I was now boiling inside, “Nothing” I said.
She then dropped this one on him, “What are you…hung-over or something?”
Where I had planned on not stepping in, now I was riding at her heals and moving into my no-nonsense business mind. Let’s get this over as quickly as possible, get in and out.
With Noah now seated in her chair, the hair dresser behind him and me behind her I started barking how his hair should be cut. All of us were looking into the mirror at our reflection and none of us making direct eye contact. It then appeared to me that Noah was looking bothered, but I wasn’t sure if it was from my stepping in or all of our focus being on his hair.
I guessed it was a combination of both, so once I finished (what I believed to be) a dissertation on his hair and what went wrong the last time, I went back to the waiting area and took my seat. It was in God’s hands now.
What happened next I would not have expected. The two of them started chatting. I even heard laughter coming from them both.
Then she called me back over. I assumed it was to answer another hair question, but I was wrong. She wanted to know that she thought Noah was very funny and that she had declared herself to be his hair savior for now on. Case closed.
And here’s why. She told us she was a brain aneurism survivor. Four years ago, a brain aneurism had exploded and that she shouldn’t be alive today. She didn’t know why she had survived, but only that this horrific experience had given her licensing to speak her mind and say whatever she felt, after all it was her shop and she didn’t have to answer to no body.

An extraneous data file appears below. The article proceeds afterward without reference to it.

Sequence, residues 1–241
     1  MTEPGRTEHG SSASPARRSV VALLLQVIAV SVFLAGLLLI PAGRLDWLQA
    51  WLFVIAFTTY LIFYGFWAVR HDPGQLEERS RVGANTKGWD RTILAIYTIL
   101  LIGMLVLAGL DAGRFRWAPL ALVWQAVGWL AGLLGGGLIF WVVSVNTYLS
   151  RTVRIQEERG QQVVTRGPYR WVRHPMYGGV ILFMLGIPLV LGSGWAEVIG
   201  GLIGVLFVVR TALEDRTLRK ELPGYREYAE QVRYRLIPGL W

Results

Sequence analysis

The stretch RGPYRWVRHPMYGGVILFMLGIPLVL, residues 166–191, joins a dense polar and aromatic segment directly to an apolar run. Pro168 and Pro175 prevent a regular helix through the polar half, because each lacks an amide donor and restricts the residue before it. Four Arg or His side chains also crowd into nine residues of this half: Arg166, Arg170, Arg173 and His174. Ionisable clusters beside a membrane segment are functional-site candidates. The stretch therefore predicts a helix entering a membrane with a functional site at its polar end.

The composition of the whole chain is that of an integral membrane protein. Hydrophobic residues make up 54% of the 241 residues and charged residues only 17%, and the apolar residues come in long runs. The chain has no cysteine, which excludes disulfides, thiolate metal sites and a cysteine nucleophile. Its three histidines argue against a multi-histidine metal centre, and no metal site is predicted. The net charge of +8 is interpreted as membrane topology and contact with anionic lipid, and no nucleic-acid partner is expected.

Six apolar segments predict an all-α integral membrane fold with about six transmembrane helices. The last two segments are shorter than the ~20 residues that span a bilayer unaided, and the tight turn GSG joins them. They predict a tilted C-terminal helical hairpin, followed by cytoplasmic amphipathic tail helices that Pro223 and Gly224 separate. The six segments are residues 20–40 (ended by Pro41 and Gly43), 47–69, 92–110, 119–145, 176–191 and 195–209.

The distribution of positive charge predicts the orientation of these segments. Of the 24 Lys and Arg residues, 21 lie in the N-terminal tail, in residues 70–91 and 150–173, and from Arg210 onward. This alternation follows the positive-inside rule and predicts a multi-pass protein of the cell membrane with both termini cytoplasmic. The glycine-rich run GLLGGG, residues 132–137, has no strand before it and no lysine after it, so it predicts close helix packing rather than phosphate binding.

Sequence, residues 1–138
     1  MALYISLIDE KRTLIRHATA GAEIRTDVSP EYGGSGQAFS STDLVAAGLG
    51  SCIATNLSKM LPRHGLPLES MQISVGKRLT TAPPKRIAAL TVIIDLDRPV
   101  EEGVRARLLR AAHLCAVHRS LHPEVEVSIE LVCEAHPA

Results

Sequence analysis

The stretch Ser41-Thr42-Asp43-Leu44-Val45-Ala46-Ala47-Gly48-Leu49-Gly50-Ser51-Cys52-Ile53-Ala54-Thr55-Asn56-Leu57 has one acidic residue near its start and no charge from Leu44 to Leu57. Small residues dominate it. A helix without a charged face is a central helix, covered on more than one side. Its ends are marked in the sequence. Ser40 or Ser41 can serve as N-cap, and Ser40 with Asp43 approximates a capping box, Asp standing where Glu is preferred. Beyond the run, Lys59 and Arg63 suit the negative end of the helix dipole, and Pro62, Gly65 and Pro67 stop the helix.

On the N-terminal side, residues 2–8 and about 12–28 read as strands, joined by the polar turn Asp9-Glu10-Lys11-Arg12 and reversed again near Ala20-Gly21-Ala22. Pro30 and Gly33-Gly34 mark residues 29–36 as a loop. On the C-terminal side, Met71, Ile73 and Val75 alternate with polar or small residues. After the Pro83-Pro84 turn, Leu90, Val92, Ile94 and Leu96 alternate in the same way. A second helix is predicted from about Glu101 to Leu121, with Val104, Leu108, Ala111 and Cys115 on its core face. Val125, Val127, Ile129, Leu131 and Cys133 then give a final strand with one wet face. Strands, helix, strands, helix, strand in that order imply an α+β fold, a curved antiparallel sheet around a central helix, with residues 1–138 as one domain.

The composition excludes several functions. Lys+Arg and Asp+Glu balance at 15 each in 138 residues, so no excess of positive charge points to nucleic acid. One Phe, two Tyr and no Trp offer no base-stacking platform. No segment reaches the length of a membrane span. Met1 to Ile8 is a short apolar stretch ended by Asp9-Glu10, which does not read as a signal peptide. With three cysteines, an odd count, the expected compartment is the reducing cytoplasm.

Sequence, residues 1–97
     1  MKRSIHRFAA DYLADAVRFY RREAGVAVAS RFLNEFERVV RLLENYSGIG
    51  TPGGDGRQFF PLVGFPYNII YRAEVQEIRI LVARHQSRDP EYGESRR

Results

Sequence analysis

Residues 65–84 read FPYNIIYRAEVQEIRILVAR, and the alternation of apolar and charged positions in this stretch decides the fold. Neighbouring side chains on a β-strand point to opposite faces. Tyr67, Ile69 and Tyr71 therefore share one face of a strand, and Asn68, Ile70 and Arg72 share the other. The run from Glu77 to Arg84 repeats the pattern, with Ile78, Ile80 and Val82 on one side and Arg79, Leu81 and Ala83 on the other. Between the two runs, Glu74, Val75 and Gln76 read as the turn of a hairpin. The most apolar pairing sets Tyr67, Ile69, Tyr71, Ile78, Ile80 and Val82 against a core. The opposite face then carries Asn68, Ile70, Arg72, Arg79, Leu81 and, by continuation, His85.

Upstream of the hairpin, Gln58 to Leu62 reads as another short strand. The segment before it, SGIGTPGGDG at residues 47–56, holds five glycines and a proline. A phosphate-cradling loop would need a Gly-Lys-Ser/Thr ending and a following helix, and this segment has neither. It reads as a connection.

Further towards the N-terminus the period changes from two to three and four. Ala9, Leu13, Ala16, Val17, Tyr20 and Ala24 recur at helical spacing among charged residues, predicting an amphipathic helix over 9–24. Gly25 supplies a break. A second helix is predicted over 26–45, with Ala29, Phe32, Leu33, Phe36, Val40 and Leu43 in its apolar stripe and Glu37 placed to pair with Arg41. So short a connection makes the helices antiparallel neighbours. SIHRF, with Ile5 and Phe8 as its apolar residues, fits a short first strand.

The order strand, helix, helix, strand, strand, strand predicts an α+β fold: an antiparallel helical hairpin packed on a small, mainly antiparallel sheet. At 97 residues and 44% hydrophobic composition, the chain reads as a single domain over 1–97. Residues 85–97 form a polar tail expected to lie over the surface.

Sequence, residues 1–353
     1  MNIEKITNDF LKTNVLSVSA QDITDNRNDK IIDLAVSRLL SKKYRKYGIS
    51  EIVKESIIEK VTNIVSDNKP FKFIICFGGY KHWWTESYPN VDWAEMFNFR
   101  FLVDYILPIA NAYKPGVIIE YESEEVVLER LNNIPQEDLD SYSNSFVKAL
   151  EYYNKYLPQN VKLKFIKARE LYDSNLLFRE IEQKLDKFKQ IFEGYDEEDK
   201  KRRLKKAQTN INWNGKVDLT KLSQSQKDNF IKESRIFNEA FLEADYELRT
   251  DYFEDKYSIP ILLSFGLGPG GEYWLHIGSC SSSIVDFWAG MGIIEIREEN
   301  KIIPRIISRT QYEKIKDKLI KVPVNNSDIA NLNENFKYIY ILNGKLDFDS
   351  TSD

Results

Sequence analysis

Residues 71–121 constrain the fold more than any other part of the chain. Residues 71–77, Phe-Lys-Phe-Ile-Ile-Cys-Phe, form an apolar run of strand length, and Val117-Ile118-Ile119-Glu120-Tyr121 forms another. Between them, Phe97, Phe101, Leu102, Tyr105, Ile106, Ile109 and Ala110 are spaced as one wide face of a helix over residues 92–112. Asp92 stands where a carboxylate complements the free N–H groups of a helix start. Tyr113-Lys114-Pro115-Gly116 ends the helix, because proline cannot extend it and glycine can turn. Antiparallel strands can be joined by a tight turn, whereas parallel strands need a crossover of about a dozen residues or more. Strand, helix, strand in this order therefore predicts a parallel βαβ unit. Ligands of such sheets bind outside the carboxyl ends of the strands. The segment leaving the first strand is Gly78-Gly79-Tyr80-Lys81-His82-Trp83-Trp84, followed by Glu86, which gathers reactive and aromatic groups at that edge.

She told Noah that she understood his hair and would take care of him. She knew what to do with the rather difficult series of cowlicks, she would make them work. She was the hair expert. She asked no questions of him but just talked about her own rather colorful life. He seemed to like that, no pressure to respond.
At the end, of the haircut she looked at him in the eyes and said, “You are adorable. I like you and you will come back.” She smiled.
Noah said, “Well, I guess I have no choice in the matter then.” He smiled back.
We left her shop and I was exhausted having gone through such a range of fatherly emotions from that experience.
The parenting of a highly sensitive child never really goes away. Just because you and your child have shared experiences in dealing with situations doesn’t dictate that you can somehow check them off the list and these same lessons won’t reappear? They will continue to appear and perhaps these lessons aren’t necessarily for the kid as much as they are for you and me, the parent. It’s hard as a parent not to want to help them, step in and protect them. But, these kids will find a way to live and thrive just like our new hair stylist. She found her own niche in this world and for the last five years has even been voted the best in town, by the Joe Publics of world. Clearly her brain aneurism had affected her lack of processing social communication norms and/or she no longer cared to just play the game. She was now living in a no bullshit world and had found a kindred and caring spirit in Noah.
I look forward to the day when this type of human mindset is the new “normal” and highly sensitive souls inhabit the majority of this planet. And in my own lifetime, I look forward to the day when my uber-sensitive actions as a father don’t just flair up when I feel my child is being threatened for who he is, but rather is continually heighted to all those around me with great empathy and compassion. No bullshit, that’s the way Noah would have it.